Saturday, February 6, 2010

Moral Darwinism by Wiker

I thought I would share some of this very useful book. Wiker brings out how Christians unknowingly accepted from some who claimed to be Christians an Epicurean worldview in the 1600's and 1700's. Instead of keeping the discoveries of science as part of a Christian rooted worldview or outlook, and just accepting this as evidence for it; some came along persuading the culture to accept beliefs like this: that matter has always existed and the universe is infinite in size. (Both of which are claims that are highly dubious as far as evidence 'fit' and not accepted by many varied stripes of cosmologists. Apparently even 'father' Epicurus of the materialist worldview admitted a need for a Creator/Starter against his hope otherwise). The resulting idea of chance, infinite worlds, possible worlds, and matter with no limits ended up creating a sort of comfort for some to abandon a unique Incarnation of Christ. One creature, one planet. Wiker's argument (in an un-fairly broad summary I admit) in the book is that the moral chaos in the West is the result of thinking all is chance and no one is right about morality for others. The thinking of Epicurus was such that it wasn't based on research of the world/worlds/mathematical infinity, but rather it was based on his moral desire to be able to sin without any fear of judgment; something he essentially admits at points. We should probably be suspicious of claims of never ending chances for life to form from someone: why? When the detail of that evolutionary and materialist world happening pro life forming as we know it, is considered there exists a sheer complexity of cosmology. This complexity is accepted by serious scholars in that field, as well as the obvious view that there was a beginning to it all which is accepted. This looked less like Epicurus and 17th century so-called science had wanted, and hence less like Darwin's view and less like public school biology mythos. Biological research has shown a like picture of extreme complexity at the cell level and in the formation of systems that would die apart from a full function up front. The result is that evolution as Darwin saw it is not possible (some have obviously attempted adjustments, but the problems glare on when planning and intelligence is required to order such systems (they are systems at that level, highly complex)). You can see how theories of men and women in our day are given god-like attitudes/authority, even contrary to findings about cosmology and biology in this book. There is an effort, not unlike the scandal of climate researcher emails, to try and manipulate the evidence to fit an evolutionary scheme for the sake of having moral freedom to sin without judgment ever coming from God. In our day, evolution is a prop used to keep a sort of secular so called neutrality, which really has its own religious opinions (ie is a religion itself while playing 'neutrality'). Maybe more on this later, just some early thoughts...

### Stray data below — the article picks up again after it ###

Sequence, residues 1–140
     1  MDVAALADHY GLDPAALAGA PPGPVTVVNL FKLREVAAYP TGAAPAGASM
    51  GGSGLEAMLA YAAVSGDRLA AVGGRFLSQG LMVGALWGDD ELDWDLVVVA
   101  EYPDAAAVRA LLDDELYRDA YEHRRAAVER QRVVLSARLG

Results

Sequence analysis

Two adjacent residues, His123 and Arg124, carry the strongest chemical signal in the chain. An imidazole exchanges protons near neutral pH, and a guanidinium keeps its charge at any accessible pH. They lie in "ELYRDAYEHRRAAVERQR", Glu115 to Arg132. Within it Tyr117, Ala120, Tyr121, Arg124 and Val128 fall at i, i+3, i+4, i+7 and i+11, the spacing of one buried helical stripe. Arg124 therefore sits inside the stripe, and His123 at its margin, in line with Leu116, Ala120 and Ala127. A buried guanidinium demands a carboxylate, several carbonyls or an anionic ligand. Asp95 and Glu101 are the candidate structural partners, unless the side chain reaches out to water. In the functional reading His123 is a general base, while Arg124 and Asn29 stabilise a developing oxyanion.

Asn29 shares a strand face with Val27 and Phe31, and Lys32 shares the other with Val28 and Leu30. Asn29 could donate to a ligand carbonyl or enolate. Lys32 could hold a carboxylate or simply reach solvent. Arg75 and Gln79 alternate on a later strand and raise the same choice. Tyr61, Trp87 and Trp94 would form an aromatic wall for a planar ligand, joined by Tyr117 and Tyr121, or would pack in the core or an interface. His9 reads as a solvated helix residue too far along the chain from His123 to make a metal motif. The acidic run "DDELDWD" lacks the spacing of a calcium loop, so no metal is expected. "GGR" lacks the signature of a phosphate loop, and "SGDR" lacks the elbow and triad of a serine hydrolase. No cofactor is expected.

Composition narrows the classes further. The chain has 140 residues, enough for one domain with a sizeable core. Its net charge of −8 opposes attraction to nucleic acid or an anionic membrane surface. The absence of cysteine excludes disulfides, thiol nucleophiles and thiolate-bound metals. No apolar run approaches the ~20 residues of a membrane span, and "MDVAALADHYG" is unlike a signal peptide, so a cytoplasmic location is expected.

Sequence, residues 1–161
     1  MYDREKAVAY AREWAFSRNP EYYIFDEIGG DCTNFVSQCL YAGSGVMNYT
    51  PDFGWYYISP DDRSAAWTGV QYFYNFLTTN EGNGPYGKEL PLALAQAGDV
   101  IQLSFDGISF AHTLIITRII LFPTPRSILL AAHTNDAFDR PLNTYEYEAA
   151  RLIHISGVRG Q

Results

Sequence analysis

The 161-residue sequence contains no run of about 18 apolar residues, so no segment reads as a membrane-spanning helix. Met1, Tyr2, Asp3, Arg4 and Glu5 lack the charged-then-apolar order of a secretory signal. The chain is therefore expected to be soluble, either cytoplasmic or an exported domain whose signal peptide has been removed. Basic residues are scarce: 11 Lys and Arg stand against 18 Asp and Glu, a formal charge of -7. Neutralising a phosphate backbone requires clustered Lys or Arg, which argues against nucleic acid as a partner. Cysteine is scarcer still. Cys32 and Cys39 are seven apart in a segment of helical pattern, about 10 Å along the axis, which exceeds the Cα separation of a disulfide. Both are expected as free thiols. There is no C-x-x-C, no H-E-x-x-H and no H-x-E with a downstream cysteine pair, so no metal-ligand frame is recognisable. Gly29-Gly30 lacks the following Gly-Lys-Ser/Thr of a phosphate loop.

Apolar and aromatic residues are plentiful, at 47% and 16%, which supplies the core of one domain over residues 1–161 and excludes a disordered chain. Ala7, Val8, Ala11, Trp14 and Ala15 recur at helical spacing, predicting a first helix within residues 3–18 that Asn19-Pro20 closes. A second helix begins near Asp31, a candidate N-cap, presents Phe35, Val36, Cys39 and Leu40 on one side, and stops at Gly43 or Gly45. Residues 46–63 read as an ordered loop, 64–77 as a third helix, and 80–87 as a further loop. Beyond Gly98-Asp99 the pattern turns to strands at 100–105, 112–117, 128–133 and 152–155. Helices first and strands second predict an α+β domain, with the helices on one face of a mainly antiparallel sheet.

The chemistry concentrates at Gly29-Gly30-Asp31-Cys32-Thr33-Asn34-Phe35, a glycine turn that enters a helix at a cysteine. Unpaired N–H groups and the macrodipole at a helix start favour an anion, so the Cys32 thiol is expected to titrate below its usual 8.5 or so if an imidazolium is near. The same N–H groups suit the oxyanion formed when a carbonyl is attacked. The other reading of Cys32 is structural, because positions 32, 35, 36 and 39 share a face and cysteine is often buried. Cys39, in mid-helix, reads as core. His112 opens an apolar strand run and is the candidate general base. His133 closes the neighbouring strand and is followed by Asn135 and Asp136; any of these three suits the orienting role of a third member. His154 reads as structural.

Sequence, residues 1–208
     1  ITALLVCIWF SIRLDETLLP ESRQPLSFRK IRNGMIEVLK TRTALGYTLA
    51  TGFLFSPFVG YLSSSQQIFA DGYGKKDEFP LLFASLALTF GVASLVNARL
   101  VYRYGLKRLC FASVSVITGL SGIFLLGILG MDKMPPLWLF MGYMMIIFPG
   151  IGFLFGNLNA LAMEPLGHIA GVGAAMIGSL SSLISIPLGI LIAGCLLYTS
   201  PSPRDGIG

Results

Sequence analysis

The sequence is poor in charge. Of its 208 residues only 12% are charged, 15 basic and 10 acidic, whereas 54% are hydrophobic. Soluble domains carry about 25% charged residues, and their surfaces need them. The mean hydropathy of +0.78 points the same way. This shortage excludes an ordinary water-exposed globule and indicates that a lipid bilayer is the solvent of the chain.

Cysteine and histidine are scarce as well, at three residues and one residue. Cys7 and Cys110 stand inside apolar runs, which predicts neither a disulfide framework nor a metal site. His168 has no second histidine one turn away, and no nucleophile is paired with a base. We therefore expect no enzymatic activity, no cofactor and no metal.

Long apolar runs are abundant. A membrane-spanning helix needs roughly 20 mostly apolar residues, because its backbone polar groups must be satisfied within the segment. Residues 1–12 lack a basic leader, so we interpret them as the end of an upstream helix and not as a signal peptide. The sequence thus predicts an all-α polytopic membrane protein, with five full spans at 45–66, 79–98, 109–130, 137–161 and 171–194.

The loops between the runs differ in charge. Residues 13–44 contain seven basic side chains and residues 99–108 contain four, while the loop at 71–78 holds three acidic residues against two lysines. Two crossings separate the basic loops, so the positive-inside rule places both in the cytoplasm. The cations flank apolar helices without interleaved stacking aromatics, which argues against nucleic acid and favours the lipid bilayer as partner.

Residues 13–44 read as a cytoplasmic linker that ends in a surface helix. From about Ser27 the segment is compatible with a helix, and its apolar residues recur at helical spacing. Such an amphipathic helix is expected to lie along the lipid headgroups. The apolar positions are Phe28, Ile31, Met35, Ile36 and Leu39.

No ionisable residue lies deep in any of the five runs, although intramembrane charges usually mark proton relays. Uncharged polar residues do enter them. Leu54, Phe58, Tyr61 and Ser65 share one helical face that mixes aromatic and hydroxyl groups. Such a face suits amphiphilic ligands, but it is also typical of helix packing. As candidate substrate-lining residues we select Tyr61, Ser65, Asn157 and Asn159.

2 comments:

David Keuss said...

Lucretius, a philosopher, also advocated according to Wiker that material atoms were to be made the measure of all there is and we are accidents of chance. The author also shows how this has practical moral impact on our culture, such as on abortion views. Culture of course buys into (we might add) this in high school via taxpayers' expense, because the teacher said so, because the text book said so, ad infinitum.

David Keuss said...

Isaac Newton said while trying to navigate the waters of a materialism he sort of adopted and also a view of an actual (not merely posited) God: 'all material things seem to have been composed of the hard and solid particles above mentioned, variously associated in the first creation by the counsel of an intelligent agent. For it became Him who created them to set them in order. And if He did so, it's unphilosophical to seek for any other origin of the world, or to pretend that it might arise out of a chaos by the mere laws of Nature, though, being once formed, it may continue by those laws for many ages.'